Some recent items that may be of interest to PAXsims readers:
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Kotaku Australia (16 January 2012) has an interesting piece on “The Fun and Games of the FBI.” The article focuses almost exclusively on avatar-type tactical and RPG serious digital games to teach procedure, however, and says very little about the myriad other possible uses of serious games (not all of them digital) to teach analyst skills, investigative techniques, etc. I would suspect that law enforcement training can involve quite a bit of old-fashioned role-playing and BOGSAT-type scenario exercises, so in many ways the article also implicitly points to the problem of treating new/technological approaches to simulation and game-based training as something wholly different from earlier (non-technological approaches). To me it seems rather like treating new-fangled pens and old-fashioned pencils as if they were wholly different items with wholly different approaches and purposes.
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One of the points made in the FBI piece is that “serious learning” should not be “seriously boring.” This issue is examined in greater detail by John Ferrara in an article on “Why Games Should Be Designed to Be Games First” at UX Magazine (7 February 2012). Discussing the rise of serious games, he notes:
All of a sudden, products labeled as being “games” have started to appear everywhere. Unfortunately, many of these products have shown an insufficient regard for the quality of the player experience. They’re too often designed first and foremost to serve their designers’ objectives, and not to be enjoyed for their gameplay. They contain none of the joy, fascination, and complexity that make games the beautiful interactions they are. In the worst cases, they demonstrate an impoverished, cynical, and exploitative view of games and of the innate human drive to play.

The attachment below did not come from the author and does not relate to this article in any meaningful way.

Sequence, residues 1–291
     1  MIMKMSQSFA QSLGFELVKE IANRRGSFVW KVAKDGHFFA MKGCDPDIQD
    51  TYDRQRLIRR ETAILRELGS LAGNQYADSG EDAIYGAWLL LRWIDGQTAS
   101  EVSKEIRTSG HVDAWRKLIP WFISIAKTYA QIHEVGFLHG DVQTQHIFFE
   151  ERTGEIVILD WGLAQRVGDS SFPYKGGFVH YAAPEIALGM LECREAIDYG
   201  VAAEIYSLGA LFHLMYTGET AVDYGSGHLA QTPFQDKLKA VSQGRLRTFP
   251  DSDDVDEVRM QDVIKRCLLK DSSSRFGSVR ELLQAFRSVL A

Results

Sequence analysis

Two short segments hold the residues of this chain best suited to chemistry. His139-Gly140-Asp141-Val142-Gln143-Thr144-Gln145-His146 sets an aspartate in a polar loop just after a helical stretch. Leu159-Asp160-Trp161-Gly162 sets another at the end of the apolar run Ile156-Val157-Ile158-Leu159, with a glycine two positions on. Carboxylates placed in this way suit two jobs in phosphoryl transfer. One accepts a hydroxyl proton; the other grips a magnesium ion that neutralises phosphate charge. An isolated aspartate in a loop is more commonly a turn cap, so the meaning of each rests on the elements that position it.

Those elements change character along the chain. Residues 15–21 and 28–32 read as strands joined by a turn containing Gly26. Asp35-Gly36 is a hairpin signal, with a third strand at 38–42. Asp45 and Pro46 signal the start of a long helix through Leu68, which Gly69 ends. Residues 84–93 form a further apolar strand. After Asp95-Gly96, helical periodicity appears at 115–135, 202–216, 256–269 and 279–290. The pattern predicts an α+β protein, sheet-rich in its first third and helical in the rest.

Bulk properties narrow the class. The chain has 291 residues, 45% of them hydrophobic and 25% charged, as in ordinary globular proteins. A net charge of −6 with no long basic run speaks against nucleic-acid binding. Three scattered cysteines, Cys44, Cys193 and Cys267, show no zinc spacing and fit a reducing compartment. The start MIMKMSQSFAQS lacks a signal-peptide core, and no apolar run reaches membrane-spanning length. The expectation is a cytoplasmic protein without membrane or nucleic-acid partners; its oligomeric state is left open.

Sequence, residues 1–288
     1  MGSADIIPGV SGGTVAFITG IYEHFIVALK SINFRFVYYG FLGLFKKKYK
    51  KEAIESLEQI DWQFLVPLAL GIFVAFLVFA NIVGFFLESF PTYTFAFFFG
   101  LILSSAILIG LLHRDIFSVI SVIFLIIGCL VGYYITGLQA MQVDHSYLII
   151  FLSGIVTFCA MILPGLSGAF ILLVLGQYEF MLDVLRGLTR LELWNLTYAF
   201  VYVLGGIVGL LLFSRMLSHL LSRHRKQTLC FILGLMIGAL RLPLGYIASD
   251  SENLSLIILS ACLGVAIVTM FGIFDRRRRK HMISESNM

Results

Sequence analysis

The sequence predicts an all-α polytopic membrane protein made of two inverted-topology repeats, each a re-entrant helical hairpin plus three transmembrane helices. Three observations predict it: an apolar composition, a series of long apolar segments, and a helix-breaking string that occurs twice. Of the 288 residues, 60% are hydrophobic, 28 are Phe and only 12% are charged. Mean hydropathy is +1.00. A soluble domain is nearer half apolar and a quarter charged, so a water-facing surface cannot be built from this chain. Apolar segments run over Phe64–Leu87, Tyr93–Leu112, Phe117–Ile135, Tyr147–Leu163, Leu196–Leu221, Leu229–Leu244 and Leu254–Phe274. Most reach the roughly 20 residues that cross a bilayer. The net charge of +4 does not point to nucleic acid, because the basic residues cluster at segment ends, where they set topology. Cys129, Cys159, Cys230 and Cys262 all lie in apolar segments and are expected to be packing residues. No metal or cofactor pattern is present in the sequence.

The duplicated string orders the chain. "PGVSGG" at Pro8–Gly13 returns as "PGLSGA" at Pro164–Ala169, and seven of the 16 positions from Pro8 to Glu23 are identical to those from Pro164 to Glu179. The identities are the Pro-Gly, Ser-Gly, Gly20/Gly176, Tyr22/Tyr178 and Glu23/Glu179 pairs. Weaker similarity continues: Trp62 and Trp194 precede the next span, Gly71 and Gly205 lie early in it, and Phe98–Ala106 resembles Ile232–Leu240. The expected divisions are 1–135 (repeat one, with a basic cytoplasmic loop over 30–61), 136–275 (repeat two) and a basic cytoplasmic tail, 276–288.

He’s right, of course—one of our biggest criticisms of many so-called serious games here at PAXsims is that while they address interesting and important issues, they are sometimes really, really dull to play. If enjoyment is supposed to be a key hook to engage the player with a particular social or educational message, this is a real problem.
Ferrara also suggests that at present we’re moving into the “trough of disillusionment” in serious game design (following Gartner’s famous technological hype cycle), and that soon we’ll be progressing on to the “slope of enlightenment”.)
Key to this, he suggests, will be the realization that “designers who are creating games must be centrally concerned with the quality of the player experience.” Given the point I’ve made above, its hard to disagree with this. However, I would also add that this needs to occur with very close attention to the serious purpose of the game itself, otherwise one can end up with a popular product that badly teaches its lessons, or teaches the wrong ones entirely. Rizk, for example, was a beautiful, charming game on climate change that was fun to play—but it was a real challenge to derive lessons on climate change from the game itself, and I doubt that 90% of ordinary players did so. The World Bank’s Evoke social platform was regarded as trendy and widely praised in the serious game community, but did as much to confuse as illuminate key development issues. In short, if a game claims to be serious, it needs to seriously address the issue of communicating its subject matter.
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Finally, Michael Peck—who has apparently been cloned by alien beings as part of a nefarious scheme to populate the world with serious game commentators—is now also writing a column for Kotaku, in addition to his gaming columns for the Training & Simulation Journal and Foreign Policy Magazine. His first contribution, entitled “Fun is Good, Useful is Better,” explores the simulation and gaming requirements of military training.